1 year ago

https://www.duolingo.com/Shavonne_5

Does, "It's beginning to snow." not work as a translation here?

3 years ago

https://www.duolingo.com/shahtheking

No, because the sentence is in passé composé so it has to be in English past tense i.e. 'it began to snow' and 'it has begun to snow' are accepted.

3 years ago

https://www.duolingo.com/denavancou

Began...à commencé

1 year ago

https://www.duolingo.com/solitudeape

I typed "Il a commence a neiger" several times and it told me I'm typing in English, not French.

5 months ago

https://www.duolingo.com/quynguyenvan

Why "It is started to snow" is rejected?

1 year ago

https://www.duolingo.com/Kai681146

Did anyone else hear deiger instead of neiger?

5 months ago

https://www.duolingo.com/ghaith415370
ghaith415370
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I think is de brtter than a here

2 years ago

https://www.duolingo.com/DianaM

Could you explain why you think so? I get the impression most people think they are pretty much interchangeable with "commencer".

2 years ago

https://www.duolingo.com/ghaith415370
ghaith415370
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Because it impersonal

2 years ago

https://www.duolingo.com/DianaM

Thank you for that. I notice that shahtheking mentions a similar opinion in a comment from a year ago, further up the page.

I have been doing some research, and, while I find quite a lot of discussion about "commencer à" vs. "commencer de", I haven't found a single mention of there being any distinction based on the impersonal nature of the subject.

I read more than one article that goes into great detail about "commencer à" being used with verbs that give an idea of an action that implies moving toward a goal of some kind, while "commencer de" is used for more short-term actions. One article gave these examples:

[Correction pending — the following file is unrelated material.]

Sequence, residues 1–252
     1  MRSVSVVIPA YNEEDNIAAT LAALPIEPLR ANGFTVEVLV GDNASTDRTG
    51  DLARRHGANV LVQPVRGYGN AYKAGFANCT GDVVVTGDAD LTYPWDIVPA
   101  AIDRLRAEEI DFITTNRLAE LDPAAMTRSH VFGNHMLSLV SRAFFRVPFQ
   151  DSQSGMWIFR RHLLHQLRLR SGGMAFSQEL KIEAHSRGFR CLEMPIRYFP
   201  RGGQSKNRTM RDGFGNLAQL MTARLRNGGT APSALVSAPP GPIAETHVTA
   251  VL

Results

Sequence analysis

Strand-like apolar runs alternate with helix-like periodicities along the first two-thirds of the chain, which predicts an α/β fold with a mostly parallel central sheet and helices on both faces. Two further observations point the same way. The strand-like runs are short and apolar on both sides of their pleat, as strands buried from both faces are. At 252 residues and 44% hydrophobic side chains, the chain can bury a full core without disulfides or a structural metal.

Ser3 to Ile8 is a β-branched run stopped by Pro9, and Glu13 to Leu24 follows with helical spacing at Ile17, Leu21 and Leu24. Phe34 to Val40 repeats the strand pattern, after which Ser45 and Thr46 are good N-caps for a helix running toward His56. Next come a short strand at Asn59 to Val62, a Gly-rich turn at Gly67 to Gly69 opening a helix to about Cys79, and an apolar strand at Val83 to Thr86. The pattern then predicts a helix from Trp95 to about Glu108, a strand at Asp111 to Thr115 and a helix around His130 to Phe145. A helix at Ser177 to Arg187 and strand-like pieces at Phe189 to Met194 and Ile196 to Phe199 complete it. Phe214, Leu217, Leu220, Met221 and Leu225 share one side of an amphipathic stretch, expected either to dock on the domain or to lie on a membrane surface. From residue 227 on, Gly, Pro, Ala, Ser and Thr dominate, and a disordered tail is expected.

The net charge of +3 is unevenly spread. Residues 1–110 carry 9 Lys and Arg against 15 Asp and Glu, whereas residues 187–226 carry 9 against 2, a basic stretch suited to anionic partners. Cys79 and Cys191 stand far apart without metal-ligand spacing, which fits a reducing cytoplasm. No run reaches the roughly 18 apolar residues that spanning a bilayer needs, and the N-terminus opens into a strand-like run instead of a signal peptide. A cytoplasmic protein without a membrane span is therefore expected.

Cet enfant commence à parler.
Nous sommes arrivés au moment où l’orateur commençait de parler.

Other articles mention that "commencer de" is more common when referring to a past event.

However! Nearly all these articles, and others besides, finished by saying that these distinctions were often not observed in actual use, and that, in general "commencer à" is much more commonly used in modern French, especially in speech, and "commencer de" is more often seen in writing, especially literary writing, and is considered "soutenue" (high-register, formal)

http://pendientedemigracion.ucm.es/info/circulo/no19/verroens.htm
http://parler-francais.eklablog.com/commencer-continuer-a-de-a5048120
http://bdl.oqlf.gouv.qc.ca/bdl/gabarit_bdl.asp?id=2316
http://forum.wordreference.com/threads/commencer-%C3%A0-de-infinitif.112868/

2 years ago

https://www.duolingo.com/ghaith415370
ghaith415370
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Diana thank you very much you are such a helpful persone you doing a lot of hard work to explain some things to the people and for me i have been learning a lot from your presence and of course sitesurf

2 years ago

https://www.duolingo.com/DianaM

You are most welcome! I am honoured to be mentioned in the same sentence as Sitesurf, though of course her learning extends far beyond my own (plus, she's, you know, French, while I am only a lowly étudiante).

2 years ago